# Scales and Mysteriousness

1. Mar 29, 2004

### KingNothing

Hi everyone...this one is really really confusing me.

My teacher showed a picture up on the overhead of a diagram sort of like this (I attached it).

Basically a little scale thing is being pulled by 100N weights on btoh sides (we assume that this 100 N each is fully transfered so its 100N sideways.).

Anyhoo, the question was: what will the scale show for the weight/force? I answered 200, the correct answer was 100. My teacher swears on it. I jsut don't understand how it can be that way. The curly things on the right of the scale are springs and the circles are pulleys.

Can someone explain this to me?

#### Attached Files:

• ###### Scale.bmp
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2. Mar 29, 2004

### Hydr0matic

What would happen if you removed the left weight and instead held the scale with your hand ? - the scale would show 100N right ? .. And what force do you need to apply with your hand to hold the scale & weight ? - 100N. So in a sense, the left weight is only "Holding" the right weight. ... or the other way around.

3. Mar 29, 2004

### HallsofIvy

Or the opposite of Hydr0matic's suggestion: suppose there were a 100N force pulling on one side and NO force on the other! Now what would the scale read? What would happen?

There ALWAYS has to be the same force pulling on both sides in order for a scale to register a correct value.

(To me the mystery is why all the scales I use register about 20 pounds more than I KNOW I weigh!)

4. Mar 29, 2004

### gta-maloy]

A good way to explain this as I know it would be:

Take a spring loaded scale that only needs weight aplied to register the newtons, it would read 100.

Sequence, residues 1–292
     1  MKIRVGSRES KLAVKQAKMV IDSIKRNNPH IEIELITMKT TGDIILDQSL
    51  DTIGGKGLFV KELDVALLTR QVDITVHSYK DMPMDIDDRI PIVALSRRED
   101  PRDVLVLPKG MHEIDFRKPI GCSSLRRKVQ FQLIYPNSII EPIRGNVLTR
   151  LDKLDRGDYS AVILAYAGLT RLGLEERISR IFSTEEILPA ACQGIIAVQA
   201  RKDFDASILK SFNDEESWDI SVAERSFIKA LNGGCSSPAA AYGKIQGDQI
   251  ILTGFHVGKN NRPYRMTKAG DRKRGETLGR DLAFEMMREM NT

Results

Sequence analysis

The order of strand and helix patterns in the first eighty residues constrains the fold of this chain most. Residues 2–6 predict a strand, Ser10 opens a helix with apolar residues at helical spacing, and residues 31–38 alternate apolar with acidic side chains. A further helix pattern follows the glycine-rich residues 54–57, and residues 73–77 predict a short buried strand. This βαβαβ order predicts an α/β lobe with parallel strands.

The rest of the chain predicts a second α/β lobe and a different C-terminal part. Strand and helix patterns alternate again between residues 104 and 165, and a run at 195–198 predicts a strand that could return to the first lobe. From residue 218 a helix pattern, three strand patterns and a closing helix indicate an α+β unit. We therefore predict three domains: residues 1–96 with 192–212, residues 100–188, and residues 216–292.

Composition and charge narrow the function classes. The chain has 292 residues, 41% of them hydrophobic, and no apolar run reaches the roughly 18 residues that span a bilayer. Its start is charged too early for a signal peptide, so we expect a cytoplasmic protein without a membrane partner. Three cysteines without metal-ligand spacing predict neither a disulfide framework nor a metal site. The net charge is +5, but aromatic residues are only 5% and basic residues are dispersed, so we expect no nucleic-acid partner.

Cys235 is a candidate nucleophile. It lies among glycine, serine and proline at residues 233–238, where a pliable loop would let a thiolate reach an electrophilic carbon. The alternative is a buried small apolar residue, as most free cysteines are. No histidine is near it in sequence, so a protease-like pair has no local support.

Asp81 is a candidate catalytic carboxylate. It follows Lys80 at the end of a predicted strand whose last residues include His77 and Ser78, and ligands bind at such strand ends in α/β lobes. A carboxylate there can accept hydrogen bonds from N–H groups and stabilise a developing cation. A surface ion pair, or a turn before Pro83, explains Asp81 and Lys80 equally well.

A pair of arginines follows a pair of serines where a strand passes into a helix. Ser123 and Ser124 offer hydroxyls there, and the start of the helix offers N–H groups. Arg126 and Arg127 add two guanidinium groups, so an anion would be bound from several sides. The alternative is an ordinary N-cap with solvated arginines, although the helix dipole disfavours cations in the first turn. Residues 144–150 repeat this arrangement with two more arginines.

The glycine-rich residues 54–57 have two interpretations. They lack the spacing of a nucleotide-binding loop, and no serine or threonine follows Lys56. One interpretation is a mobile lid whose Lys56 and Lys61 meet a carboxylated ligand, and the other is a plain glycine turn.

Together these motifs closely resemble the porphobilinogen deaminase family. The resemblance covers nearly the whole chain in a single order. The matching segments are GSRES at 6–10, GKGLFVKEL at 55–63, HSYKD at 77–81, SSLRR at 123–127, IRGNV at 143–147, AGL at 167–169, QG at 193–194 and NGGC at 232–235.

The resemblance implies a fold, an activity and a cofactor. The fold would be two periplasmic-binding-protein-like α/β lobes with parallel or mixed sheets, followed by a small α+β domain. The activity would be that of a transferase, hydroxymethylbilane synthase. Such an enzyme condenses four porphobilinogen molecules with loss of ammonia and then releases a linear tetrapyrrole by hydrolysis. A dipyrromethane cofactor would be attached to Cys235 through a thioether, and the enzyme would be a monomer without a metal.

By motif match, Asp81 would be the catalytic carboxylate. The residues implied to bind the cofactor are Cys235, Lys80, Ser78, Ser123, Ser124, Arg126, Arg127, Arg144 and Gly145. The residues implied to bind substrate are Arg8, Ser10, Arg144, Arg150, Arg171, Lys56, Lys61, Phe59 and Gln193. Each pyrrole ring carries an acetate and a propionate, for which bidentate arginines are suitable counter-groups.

Now I know what makes you think 200N, 200N is the force applied to the "shaft" of the scale, yet registered newtons are 100 because to find out the weight or force of something a counter force/weight needs to be applied.

5. Mar 29, 2004

### KingNothing

So, the actual force would be 200 N, yet the scale would show 100N?

6. Mar 29, 2004

### Janitor

No, the actual tension in the shaft is 100 N.

7. Apr 1, 2004

### KingNothing

I see. So one could conclude that the tension on the scale is always equal to the lesser of the two forces applied, because any difference in them simply results in increased acceleration rather than tension?

8. Apr 1, 2004

### Staff: Mentor

I'm not sure what you are saying here. If by "forces applied" you are referring to the hanging weights, then the answer is no. For example, if the 100N weight on the right is replaced by a 200N weight, then the masses will accelerate, and the tension in the cables (and the force measured by the scale) will turn out to be about 133N. (Apply Newton's 2nd law; I assume that the cables and scale have negligible mass.)

Just to be clear, if the mass of the scale is small enough to be ignored then you will find that the tension is the same on both sides of the scale--no matter what you try to do. This tension is the force that the scale will read.